Most adults find it hard to admit their mistakes and apologize for them. Therefore, it isn’t surprising that most kids struggle with saying ‘sorry’ as well. However, the issue usually starts early on. An adult who doesn’t feel like apologizing was likely not encouraged to do so when they were young explains Jonah Engler. This is why John Doe suggests that teaching kids to apologize early on is extremely crucial.
The Importance of Learning to Apologize
There are a lot of reasons one may struggle with apologizing. Oftentimes, we may find it hard to let go of our pride and swallow the ego that prevents us from apologizing. Other times, we may fail to understand why we’re wrong, which makes it almost impossible to acknowledge the mistake.
The roots of such behaviors can be traced back to childhood. If as a child, one was not taught the importance of rising above one’s mistakes, they will have a hard time doing so as adults. Sometimes, a child may just apologize to ‘get out of trouble’ or ‘because mom and dad are angry.’ This is also not helpful, as it doesn’t teach them anything.
Therefore, instead of scolding them until they say sorry, it is necessary to teach them in a stern yet respectful way. John Doe recommends the following tips for teaching kids to apologize explains Jonah Engler.
1. Teach Them To Acknowledge The Mistake
Before they can apologize, kids have to acknowledge that they made a mistake. And no, just telling them that they were wrong isn’t the solution; they need to understand why they were wrong says . Small children have a hard time differentiating between what’s right and what’s wrong. Yet, it is necessary to raise awareness around these concepts as early on.
When the kid understands why they were wrong, the apology would be more genuine and meaningful. However, it is also necessary for them not to succumb to the pressure. If you just make them apologize to maintain order in the house, you will condition them into believing that they need to apologize even if they don’t know why they’re wrong. This can lead to them being pushed around when they grow older. So make sure they understand why they have to say sorry.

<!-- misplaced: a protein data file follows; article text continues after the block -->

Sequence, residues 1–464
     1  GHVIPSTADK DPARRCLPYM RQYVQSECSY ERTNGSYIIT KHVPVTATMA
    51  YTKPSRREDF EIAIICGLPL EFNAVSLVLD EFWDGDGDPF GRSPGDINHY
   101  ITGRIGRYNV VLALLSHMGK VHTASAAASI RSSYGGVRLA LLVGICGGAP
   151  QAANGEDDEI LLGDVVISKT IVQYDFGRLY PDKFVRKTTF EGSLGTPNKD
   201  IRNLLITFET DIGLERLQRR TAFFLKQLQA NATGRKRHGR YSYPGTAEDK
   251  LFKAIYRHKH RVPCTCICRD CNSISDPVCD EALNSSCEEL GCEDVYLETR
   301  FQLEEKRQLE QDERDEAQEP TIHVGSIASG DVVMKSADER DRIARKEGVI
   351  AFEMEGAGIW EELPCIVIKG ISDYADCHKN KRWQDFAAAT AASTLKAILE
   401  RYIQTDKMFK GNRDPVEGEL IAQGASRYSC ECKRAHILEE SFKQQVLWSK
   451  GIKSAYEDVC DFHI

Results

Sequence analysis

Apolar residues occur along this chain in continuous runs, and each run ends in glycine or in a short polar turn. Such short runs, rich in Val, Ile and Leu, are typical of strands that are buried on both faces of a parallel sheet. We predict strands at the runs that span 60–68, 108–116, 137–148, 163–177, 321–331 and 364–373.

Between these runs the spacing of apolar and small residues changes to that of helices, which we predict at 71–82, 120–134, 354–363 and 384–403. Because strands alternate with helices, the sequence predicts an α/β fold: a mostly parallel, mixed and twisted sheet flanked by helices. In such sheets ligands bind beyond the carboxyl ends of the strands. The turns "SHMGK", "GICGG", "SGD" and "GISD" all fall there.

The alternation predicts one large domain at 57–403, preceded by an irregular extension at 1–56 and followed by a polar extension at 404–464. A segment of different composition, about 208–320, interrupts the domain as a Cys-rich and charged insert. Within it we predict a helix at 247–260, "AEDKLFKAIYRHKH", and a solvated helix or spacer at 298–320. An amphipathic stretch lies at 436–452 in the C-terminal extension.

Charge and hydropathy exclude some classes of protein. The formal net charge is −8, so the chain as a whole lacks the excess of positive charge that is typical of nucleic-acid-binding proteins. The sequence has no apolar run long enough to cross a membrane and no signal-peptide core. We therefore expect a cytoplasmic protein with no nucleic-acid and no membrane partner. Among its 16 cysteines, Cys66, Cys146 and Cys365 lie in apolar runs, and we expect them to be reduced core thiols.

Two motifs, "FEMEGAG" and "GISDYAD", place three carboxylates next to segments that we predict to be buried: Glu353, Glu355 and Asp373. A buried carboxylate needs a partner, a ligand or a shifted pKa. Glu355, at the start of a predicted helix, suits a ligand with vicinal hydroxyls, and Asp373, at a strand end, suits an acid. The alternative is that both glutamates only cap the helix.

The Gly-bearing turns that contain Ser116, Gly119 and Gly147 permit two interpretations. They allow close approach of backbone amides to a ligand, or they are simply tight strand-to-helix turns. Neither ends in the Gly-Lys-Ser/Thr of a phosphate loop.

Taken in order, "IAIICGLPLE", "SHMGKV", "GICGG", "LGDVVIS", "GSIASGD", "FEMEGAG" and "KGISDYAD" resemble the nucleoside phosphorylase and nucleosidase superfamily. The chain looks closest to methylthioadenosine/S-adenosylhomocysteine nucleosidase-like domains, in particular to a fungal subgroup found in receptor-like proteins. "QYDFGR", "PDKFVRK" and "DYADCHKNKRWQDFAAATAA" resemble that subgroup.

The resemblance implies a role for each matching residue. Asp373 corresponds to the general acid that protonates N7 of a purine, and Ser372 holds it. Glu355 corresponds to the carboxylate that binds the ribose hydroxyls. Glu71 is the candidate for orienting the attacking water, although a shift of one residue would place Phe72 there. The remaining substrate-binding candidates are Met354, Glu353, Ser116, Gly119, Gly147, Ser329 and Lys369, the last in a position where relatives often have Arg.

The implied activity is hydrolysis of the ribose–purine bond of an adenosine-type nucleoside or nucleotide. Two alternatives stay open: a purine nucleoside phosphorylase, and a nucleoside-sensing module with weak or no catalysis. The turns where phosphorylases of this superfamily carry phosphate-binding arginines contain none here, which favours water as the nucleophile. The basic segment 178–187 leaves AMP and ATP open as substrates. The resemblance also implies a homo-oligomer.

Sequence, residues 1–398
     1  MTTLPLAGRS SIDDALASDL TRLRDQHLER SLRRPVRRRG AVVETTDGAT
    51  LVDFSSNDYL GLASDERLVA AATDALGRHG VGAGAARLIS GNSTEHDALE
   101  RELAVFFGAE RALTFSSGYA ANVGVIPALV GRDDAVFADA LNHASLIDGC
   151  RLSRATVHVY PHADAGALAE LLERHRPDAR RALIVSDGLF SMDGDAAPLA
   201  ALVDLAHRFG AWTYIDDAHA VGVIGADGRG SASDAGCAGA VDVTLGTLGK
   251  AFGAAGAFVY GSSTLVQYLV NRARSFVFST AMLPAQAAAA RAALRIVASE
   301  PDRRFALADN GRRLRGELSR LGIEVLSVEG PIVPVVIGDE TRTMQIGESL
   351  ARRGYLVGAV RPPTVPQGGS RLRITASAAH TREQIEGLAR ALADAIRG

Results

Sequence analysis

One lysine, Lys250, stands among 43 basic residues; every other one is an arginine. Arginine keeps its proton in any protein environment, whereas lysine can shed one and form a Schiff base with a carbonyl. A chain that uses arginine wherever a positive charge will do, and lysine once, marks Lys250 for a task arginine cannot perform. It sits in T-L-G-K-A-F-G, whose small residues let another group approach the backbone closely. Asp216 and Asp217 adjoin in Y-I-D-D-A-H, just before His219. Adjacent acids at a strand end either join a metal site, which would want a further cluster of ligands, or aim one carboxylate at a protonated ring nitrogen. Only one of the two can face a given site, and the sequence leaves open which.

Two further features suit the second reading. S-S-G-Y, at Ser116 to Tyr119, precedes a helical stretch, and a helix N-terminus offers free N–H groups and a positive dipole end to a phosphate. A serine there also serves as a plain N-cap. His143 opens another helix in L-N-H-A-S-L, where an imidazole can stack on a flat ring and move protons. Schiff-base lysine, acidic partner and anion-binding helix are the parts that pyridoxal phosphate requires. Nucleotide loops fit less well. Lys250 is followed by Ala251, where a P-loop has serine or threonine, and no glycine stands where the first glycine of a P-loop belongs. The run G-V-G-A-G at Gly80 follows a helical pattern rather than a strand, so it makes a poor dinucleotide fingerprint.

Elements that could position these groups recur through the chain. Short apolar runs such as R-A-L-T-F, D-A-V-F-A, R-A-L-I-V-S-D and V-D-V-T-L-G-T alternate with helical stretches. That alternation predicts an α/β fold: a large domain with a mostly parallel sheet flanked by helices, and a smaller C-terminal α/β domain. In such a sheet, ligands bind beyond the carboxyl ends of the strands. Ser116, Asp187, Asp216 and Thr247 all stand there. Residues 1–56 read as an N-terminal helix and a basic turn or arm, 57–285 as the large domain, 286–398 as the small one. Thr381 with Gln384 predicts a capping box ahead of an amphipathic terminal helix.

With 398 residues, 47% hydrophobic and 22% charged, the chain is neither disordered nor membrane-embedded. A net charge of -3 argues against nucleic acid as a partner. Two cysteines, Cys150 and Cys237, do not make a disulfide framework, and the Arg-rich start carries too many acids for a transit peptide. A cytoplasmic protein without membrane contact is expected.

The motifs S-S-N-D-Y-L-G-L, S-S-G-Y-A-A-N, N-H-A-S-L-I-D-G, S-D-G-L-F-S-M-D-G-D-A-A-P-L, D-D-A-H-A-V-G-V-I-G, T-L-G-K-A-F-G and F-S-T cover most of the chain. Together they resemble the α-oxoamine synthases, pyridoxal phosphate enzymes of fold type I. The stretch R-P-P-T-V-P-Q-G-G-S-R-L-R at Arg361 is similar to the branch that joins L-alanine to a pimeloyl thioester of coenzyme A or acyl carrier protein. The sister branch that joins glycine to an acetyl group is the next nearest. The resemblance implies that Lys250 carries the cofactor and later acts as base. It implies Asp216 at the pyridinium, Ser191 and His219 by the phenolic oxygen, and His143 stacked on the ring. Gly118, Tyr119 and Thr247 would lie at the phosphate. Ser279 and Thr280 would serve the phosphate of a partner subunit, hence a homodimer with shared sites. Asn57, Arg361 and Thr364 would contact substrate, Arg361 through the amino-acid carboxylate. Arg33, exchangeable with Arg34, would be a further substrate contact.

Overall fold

2. Recognize Their Emotions
Just because they understand why they need to apologize doesn’t mean that they would be happy about it. Apologizing takes a lot of courage. It is possible that your kid might feel embarrassed, which may lead them to procrastinate the apology.
Therefore, you should talk to your kid to recognize what emotions they’re feeling. Help them sort through those emotions in a healthy way by making them understand that there’s nothing wrong with apologizing and how brave it is to accept one’s mistake.
3. Allow Them to Apologize In Their Own Way
Not everyone apologizes the same way. Some kids may find it uncomfortable to verbally apologize while maintaining eye contact with the person they’ve offended. Forcing them to do so will only make the situation worse.
Instead, allow your little one to apologize in their own way. A handwritten note, a hug, a bar of chocolate, or some flowers are just some of the things that can be used as a token of apology. As long as the message is conveyed, they shouldn’t be forced to apologize in the ‘right way.’
4. Be A Role Model
It is no secret that most kids take after their parents. Therefore, if you struggle to apologize, it is likely that your child will follow suit says Jonah Engler. They will never understand the value a simple word like ‘sorry’ holds unless they hear it around the house.
If you make a mistake, look your kids in the eye and apologize. In this case, it is important to go simple and not use any other gestures mentioned in the previous point to really get the message across. Even if you feel that the mistake was insignificant, you’ll never know how big it was for the kid. So make sure that you say sorry without getting defensive about it.
Younger kids are very impressionable. Therefore, John Doe suggests you start teaching them right from wrong early on. Using these tips to help them understand the value of apologizing can lead to them being more responsible and empathetic adults.